ISAs can be a little confusing. I received this email last week from one of my readers worried they’d lost their interest.
In the run-up to Christmas (okay, from October) I managed to open-yet-not-read-carefully a letter from Halifax, warning me that my ISA Saver Fixed was about to mature and suggesting I move it into another ISA.
I didn’t act and my ISA matured, but I’m not sure what this means: have I lost the interest accrued? Can I still move it?
This is my first ISA, I have no idea what I’m supposed to do!
You’ve still got your interest
Don’t worry Clare, when I first had an ISA I was confused about how they worked too.
The ISA you had was fixed at a better rate of interest for a couple of years, but at the end of the fixed term period that account closed – which is what matured means here.
The good news is you haven’t lost any interest. It’s just been moved, along with the savings, to an instant access ISA.
However, you’ll now be earning far less interest on your savings. The Halifax website says the Instant ISA Saver pays just 0.25%!
You can still move your savings
But it’s not as simple as withdrawing the money and paying it into a new account.
You need to find an ISA which accepts “transfers in”, then go through that bank or building society’s transfer process when you open the account.
If you were to withdraw it, it’s not the end of the world, but it limits how much you can pay into your new ISA.
Each financial year, which runs April to March, you’re allowed to pay £15,240 into an ISA. That’s called your personal allowance. When the year ends, you can start paying in again to the same ISA or a new one.
So if you’d withdrawn the money you’d be limited to paying up to your personal allowance minus anything extra you’d already paid that year. So say you’d paid in £2,000 since last April, you could only pay in £13,240 this financial year.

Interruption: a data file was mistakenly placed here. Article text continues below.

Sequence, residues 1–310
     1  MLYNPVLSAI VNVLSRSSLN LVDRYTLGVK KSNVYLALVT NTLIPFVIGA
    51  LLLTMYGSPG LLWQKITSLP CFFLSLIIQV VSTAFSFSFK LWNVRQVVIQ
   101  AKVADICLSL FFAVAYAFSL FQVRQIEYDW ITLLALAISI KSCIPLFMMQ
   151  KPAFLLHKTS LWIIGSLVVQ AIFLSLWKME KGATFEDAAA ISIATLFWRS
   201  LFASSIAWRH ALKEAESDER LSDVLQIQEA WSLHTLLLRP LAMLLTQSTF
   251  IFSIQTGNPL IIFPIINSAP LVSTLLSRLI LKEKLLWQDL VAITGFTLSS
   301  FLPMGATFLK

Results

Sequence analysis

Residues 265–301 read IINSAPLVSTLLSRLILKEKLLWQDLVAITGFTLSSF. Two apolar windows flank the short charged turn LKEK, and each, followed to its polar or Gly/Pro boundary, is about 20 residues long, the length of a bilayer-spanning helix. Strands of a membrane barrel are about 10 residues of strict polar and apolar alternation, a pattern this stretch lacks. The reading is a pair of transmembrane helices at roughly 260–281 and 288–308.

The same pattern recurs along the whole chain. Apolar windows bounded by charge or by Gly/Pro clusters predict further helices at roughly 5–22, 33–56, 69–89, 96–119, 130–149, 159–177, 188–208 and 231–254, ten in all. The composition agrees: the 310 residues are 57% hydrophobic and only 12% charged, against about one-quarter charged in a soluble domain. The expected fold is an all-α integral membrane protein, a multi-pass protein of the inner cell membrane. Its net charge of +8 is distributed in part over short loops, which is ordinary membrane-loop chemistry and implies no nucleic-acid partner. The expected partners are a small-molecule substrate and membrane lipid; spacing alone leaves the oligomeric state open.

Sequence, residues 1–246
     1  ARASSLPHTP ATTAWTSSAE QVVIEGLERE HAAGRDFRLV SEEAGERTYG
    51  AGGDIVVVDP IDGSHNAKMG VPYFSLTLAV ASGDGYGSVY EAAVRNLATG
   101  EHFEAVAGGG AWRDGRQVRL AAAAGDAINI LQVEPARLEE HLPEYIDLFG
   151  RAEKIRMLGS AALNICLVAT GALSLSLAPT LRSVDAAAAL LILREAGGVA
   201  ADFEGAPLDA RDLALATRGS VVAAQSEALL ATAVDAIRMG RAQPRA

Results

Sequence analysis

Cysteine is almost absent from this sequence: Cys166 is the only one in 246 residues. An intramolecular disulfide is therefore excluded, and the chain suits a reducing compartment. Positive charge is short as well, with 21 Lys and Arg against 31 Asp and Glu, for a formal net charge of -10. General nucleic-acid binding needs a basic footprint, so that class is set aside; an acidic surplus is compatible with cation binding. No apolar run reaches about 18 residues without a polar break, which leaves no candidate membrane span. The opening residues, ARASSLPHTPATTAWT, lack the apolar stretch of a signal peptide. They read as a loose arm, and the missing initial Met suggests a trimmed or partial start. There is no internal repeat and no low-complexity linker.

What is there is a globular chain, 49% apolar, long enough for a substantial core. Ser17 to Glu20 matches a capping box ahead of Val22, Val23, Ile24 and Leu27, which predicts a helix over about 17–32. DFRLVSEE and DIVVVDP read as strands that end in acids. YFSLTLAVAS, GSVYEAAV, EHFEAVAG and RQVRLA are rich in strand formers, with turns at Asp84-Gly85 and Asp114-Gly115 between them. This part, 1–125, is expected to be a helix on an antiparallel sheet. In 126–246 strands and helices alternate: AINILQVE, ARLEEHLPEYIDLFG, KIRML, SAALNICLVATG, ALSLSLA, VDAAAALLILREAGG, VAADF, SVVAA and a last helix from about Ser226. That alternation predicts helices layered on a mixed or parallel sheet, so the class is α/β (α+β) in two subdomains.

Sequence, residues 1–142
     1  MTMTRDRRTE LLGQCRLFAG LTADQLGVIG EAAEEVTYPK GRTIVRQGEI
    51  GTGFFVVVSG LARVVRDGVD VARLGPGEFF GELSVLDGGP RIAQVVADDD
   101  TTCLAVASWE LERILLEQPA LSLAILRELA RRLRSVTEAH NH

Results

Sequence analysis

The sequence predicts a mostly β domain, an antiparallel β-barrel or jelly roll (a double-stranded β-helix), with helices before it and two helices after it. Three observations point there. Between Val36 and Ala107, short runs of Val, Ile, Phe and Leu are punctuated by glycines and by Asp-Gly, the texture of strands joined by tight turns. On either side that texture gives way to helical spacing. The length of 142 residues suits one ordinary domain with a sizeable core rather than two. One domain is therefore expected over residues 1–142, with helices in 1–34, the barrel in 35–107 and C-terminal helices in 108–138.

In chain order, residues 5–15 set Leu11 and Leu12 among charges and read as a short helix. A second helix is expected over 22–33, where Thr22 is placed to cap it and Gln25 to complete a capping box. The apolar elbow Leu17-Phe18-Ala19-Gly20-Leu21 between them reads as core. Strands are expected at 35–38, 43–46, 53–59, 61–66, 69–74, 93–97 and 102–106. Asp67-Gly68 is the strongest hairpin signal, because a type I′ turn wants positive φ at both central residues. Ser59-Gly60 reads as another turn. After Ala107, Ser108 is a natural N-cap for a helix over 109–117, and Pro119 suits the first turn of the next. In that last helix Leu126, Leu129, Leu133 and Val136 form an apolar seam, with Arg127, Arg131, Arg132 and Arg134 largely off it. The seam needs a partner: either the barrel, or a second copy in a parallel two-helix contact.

A transfer however will let you move as much as you want, though some banks might have their own limits.
Why an ISA is different to a normal current account
When we talk about tax -free savings in ISAs, it just means you aren’t taxed on the interest.
In a normal current or savings account, tax is deducted from interest before it even reaches your account. The table below gives an example on £5,000 savings for a year.
|Type of savings account||Interest rate||Interest earned||Interest after tax|
This all changes in April 2016 though. Anyone on a basic tax-rate will be able to earn £1,000 in interest without paying tax on it. And it doesn’t matter where the money is saved.
That’s a huge amount of interest to earn so you might find there are better interest rates in non-ISAs. The TSB Classic Plus current account will earn you 5% on a max balance of £2,000, and the Lloyds Club offers up to 4% on savings up to £4,000.
But if you’ve a large amount of money, you’ll probably still get a better rate in a fixed term ISA.
>> What are the best interest rates on offer in current accounts?
>> More on ISAs and how they work